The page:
WHAT IS PERIMENOPAUSE?
Most of us are at least familiar with the term menopause, but perimenopause? What exactly IS that? How do we know if we are in it? And, why should we care?
Menopause usually happens in your 40s or 50s. The average age here in the U.S. is about 51. It is diagnosed when you reach 12 months after your last period. So, essentially, menopause is just a moment in time. Once you cross that line, you are post-menopause.
Of course, most of us use the word ‘menopause’ to describe all of the phases of this transition, which is one of the problems. It’s hard to talk about something when you don’t really have a shared vocabulary around it.
Perimenopause is the period of time leading up to menopause. It typically starts in your early to mid-40s – sometimes earlier. It can last anywhere from 4-8 years – sometimes longer. And, it is sort of like puberty in reverse.
This is also the phase that catches women by surprise because we are not educated about it + it starts sooner than we think. (And, I should mention, it’s not that women are not educated, no one is, including most doctors, which is crazy. So, it’s easy to see how this happens.)
Hormones fluctuate wildly during perimenopause. About 75% of women experience unexpected, yet very common, physical + emotional symptoms. These might include:
- panic attacks
- mood changes
- dry skin
- sleep disturbances
- brain fog
- loss of libido
- joint pain
- shoulder pain
A lot of these symptoms happen long before you skip a period – which is why women (and their doctors) don’t necessarily associate these symptoms with menopause.
Looking at the list, you can see how it would be easy to misdiagnose. Many of the symptoms of perimenopause are similar to those of other health conditions like thyroid problems, depression + anxiety.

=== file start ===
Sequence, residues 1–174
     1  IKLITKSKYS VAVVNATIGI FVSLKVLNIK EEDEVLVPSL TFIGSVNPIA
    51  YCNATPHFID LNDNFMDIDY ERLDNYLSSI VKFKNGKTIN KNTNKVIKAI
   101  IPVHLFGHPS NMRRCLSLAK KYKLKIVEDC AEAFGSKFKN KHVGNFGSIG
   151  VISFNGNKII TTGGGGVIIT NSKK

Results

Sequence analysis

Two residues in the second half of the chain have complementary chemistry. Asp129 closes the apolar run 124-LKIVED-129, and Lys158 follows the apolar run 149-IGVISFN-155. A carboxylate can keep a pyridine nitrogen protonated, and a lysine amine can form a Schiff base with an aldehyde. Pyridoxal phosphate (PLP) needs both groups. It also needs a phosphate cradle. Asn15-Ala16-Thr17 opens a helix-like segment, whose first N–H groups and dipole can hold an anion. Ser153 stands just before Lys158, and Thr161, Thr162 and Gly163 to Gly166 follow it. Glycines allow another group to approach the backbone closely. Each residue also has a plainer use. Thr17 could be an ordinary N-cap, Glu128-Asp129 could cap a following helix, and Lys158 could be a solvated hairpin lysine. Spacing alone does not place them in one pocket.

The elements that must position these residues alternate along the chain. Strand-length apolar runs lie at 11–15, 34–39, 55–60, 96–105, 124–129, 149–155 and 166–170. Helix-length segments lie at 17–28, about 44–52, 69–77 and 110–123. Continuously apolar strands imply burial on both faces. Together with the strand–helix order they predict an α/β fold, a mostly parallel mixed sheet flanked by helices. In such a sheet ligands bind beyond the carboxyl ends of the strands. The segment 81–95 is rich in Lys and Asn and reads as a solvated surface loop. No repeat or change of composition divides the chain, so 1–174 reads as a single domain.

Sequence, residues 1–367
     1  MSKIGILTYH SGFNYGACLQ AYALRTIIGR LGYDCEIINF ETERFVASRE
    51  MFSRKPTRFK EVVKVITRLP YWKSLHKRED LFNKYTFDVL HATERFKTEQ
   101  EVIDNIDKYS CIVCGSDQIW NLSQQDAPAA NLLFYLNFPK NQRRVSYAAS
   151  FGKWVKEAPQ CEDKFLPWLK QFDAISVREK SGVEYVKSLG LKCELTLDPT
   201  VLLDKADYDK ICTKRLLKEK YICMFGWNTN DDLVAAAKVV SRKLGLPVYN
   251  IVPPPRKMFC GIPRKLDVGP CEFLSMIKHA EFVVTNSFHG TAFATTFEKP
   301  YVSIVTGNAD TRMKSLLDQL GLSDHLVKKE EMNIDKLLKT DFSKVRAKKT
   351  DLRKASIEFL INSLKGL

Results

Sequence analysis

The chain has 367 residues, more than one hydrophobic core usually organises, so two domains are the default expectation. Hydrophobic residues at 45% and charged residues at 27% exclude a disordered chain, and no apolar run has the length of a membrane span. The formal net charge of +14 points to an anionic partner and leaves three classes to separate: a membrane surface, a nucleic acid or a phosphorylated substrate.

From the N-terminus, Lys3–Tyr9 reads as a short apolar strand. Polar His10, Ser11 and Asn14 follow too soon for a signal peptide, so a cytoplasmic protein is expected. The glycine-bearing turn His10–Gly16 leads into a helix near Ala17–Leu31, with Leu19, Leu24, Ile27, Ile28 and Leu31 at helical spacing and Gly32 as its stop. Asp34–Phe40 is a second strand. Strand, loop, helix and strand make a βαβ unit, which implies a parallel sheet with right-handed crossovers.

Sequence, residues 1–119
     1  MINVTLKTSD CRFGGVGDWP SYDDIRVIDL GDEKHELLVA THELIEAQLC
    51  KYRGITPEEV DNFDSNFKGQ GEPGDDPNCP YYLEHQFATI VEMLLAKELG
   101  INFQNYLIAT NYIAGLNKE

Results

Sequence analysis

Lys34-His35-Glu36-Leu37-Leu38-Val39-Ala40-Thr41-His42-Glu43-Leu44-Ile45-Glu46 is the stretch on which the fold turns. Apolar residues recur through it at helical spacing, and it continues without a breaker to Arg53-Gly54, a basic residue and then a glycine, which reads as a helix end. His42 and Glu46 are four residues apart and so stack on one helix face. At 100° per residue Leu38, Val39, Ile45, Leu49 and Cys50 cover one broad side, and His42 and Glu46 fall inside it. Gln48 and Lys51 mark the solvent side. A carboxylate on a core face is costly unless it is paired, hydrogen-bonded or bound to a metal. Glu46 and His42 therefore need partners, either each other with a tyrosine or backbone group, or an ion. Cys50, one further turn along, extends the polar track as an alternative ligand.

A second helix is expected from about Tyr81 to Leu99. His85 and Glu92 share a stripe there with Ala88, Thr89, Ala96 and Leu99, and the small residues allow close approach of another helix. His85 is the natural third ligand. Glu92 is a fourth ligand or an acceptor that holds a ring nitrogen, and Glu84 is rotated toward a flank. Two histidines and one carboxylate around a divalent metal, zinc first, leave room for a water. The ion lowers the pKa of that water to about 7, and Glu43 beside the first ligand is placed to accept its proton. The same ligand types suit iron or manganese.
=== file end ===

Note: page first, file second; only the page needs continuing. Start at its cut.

A lot of these symptoms are also easy to dismiss as signs of stress rather than signs of hormonal changes – especially when you look at what women are doing in their early 40s…busy with work, children, aging parents + a myriad of very real demands.
It’s easy to experience symptoms like these + just think you are exhausted or at the end of your rope.
It’s also easy to think you are losing your mind – especially when your mood swings or your patience wears thin from day to day.
It gets even scarier when you experience brain fog or memory loss + think that maybe there really IS something wrong with you like early-onset Alzheimer’s or something.
I remember having a panic attack in my early 40s. I had never experienced anything like that + had no idea it was associated with perimenopause. Would have been helpful information.
As I mentioned before, women are not the only ones who are surprised by perimenopause. Doctors are too because menopause training is not something most doctors receive. Only about 20% of doctors receive any sort of training around menopause.
Even today, it’s very common for a woman to go to her doctor because something feels ‘off’ or she is experiencing anxiety or depression only to be prescribed an SSRI without really looking at the whole picture or the context of menopause.
It’s also easy to visit your doctor at this stage + be dismissed with no treatment or guidance at all – which happens a lot more than people realize.
HOW DO YOU KNOW?
A question I commonly hear is – how do you know if you are in perimenopause?
To date, there is no test for perimenopause. The first sign is often just very subtle changes in your menstrual cycle or symptoms like the ones I listed above. So, the first step is to track your cycles. Of course, if you’re using some form of contraception that stops your cycle or regulates it, you won’t really be able to do that – which complicates things.
It is also important to track your symptoms. This will help you see patterns – both for yourself + so you can have solid conversations with your doctor.
This is actually an important time to reconnect with your doctor + get current on your wellness exams. For a lot of women, after having children, they may not see their doctor for years at a time. Same can be true for women who don’t have children. When you are generally healthy + crazy busy, it’s easy to have years go by without seeing your doctor at all.
Better to see your doctor + have these conversations BEFORE you need them because it can be really frustrating to learn you don’t have the resources you thought you had when you really need them. And, like I said – this happens a lot.